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COVID 19 aka CCP Virus: Efficacy of Vaccines, Particularly a New and Minimally Tested COVID-19 Vaccine

re: Will the Vaccine Now Being Shipped Have More Risks than Benefits?

I have two parents, one shy of 80 and one over 80, so this post is of personal interest to me, since I don’t want either one hit by COVID-19. One parent is particularly at risk.

So I have lots of “skin in the game” on the whole CV19 thing. But that is not going to make me give up on objective thinking and resort to the hysteria and faux-science (often anti-science) promulgated by the press, politicians and most of the medical establishment.

See also:
Balancing the Efficacy and Safety of Vaccines in the Elderly
Why vaccines are less effective in the elderly, and what it means for COVID-19
Flu Shots May Not Protect the Elderly or the Very Young
Efficacy of vaccines in elderly

Medical profession and risk assessment

Most of the medical profession doesn’t consider risk management outside their narrow field, since risk assessment must take into account *all* known risks, including medical risks (short and medium term!), economic costs, psychological impacts which degrade health and the immune system, and social costs.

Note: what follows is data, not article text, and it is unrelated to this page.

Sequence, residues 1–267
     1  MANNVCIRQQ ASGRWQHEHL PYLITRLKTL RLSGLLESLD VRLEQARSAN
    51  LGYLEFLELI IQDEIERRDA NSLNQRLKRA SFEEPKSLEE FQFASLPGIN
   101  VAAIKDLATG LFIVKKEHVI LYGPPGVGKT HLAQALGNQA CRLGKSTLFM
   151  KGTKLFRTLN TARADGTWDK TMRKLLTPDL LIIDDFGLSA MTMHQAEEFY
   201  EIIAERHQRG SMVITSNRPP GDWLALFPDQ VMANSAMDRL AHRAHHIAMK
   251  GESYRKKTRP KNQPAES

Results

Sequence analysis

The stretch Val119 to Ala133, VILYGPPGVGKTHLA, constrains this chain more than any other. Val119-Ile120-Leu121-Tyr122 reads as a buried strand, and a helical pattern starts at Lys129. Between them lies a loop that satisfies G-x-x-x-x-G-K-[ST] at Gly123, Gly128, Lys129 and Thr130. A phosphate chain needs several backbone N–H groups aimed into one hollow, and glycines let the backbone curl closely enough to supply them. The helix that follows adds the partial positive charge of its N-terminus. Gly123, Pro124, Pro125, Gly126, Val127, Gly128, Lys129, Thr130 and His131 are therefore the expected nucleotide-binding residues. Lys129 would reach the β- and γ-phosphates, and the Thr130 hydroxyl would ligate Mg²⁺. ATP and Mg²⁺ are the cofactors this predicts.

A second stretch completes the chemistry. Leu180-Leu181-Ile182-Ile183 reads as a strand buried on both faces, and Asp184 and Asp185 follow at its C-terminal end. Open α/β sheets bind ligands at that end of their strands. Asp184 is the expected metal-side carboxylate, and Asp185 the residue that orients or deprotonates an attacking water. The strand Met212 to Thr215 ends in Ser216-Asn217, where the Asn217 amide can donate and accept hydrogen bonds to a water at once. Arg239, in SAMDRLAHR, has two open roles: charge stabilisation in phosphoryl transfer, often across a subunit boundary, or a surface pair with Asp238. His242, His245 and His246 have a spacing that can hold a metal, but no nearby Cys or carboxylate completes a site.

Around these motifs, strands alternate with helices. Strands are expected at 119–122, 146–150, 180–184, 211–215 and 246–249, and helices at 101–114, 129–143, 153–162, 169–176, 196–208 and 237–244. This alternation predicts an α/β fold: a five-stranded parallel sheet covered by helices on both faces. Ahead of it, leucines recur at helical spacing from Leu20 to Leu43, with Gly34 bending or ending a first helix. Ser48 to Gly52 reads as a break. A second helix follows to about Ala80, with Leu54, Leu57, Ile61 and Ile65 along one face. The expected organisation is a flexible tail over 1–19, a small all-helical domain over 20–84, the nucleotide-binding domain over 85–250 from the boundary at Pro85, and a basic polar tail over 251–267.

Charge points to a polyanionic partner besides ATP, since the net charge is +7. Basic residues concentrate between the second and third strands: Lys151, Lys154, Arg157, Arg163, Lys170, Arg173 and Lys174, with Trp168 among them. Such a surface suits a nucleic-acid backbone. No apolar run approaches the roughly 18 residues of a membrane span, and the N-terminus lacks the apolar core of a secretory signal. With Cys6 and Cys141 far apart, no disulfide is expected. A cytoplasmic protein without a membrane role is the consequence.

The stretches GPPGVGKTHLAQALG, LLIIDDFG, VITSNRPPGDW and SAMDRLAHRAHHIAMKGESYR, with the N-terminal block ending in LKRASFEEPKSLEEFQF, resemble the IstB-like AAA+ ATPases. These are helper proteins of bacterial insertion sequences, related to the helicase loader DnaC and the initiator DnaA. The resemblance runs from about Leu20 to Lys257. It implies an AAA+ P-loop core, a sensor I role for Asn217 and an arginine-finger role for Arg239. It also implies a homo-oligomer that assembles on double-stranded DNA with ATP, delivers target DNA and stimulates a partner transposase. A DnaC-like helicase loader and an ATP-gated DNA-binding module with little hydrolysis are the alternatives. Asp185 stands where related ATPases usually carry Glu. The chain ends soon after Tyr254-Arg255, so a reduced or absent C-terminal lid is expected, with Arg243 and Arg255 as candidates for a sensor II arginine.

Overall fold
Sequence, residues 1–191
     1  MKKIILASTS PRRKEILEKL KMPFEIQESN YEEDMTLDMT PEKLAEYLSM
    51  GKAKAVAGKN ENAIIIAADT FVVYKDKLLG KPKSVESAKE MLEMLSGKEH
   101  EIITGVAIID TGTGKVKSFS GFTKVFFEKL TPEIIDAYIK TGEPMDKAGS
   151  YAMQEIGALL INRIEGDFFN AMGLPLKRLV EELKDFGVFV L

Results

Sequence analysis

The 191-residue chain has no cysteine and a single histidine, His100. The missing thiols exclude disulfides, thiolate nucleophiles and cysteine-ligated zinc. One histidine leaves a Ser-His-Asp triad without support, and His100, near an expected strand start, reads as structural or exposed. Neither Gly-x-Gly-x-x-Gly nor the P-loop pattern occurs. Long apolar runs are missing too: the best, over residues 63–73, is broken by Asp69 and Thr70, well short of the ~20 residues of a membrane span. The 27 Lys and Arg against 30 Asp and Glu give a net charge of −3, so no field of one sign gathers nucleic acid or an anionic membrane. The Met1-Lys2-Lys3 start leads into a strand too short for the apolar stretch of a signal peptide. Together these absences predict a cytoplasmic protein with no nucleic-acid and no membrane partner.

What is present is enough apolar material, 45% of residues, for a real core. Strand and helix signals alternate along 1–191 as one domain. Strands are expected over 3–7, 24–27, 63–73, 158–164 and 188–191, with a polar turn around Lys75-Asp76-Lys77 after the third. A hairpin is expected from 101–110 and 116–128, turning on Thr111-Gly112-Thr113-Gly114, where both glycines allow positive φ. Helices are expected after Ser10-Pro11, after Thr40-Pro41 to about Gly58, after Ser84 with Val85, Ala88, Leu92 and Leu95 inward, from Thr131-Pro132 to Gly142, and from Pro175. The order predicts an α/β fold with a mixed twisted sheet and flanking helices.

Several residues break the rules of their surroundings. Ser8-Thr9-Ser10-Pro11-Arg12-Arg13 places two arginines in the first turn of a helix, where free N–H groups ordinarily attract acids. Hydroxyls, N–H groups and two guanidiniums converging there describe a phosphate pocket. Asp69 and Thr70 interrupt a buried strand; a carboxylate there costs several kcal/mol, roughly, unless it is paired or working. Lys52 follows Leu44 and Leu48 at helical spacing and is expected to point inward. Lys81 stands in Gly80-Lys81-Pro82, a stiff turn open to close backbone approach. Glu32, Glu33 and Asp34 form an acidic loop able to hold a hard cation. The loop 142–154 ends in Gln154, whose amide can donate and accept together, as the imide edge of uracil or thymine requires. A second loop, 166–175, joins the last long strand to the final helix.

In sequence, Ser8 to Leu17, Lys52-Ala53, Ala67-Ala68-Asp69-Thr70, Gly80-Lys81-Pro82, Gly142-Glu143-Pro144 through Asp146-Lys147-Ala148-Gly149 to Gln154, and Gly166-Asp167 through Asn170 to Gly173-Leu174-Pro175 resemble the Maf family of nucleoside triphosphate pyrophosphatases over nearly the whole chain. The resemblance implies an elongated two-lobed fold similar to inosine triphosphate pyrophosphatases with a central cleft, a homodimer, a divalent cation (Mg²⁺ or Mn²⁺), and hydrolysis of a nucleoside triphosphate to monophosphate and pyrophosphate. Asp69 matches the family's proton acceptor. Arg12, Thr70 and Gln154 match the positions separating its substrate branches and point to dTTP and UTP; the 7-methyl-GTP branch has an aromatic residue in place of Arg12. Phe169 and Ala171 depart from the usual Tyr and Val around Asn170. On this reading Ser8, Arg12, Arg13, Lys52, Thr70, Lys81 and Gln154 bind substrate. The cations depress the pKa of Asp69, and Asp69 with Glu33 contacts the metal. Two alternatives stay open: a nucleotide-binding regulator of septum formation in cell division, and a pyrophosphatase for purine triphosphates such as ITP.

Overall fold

ALL those factors result in heightened poor health outcomes! Yet the medical “experts” ignore the the elephant in the room: economic factors. Longstanding actuarial facts prove that poor economic situations result in poor health outcomes and death. This is just common sense on top of hard data known for many decades.

The “experts” refuse to do proper risk assessment, dooming tens of millions of people to higher risks and damaged lives, with a few notable exceptions.

“The Doctor Is In: Scott Atlas And The Efficacy Of Lockdowns, Social Distancing, And Closings”
As of July 2020, Up to 300 Million People May Be Infected by COVID-19, Stanford Guru John Ioannidis Says + Feckless Leaders Killing People
•  Open letter from medical doctors and health professionals to all Belgian authorities and all Belgian media

Here then is my take on vaccines for COVID-19, with background.

Risk assessment for a COVID-19 vaccine

Asserting that several new and untested variants of a COVID-19 vaccine will be both SAFE and effective in the elderly would be both unscientific and irresponsible.

  • Different vaccines cannot be lumped together; each vaccine might have a different safety and efficacy profile.
  • Side effects and risks will be poorly understood prior to use in the general population.
  • A COVID-19 vaccine might have nil benefit for the elderly (more on that below), but might have as yet unknown risks, possibly serious one.

Getting a COVID-19 vaccine and then assuming one is protected could be a fatal gamble for the elderly in particular—those vaccinated are likely to engage in many more social interactions, which in turn greatly increases the risk of infection. The at-risk and the elderly need to remain cautious, vaccinated or not.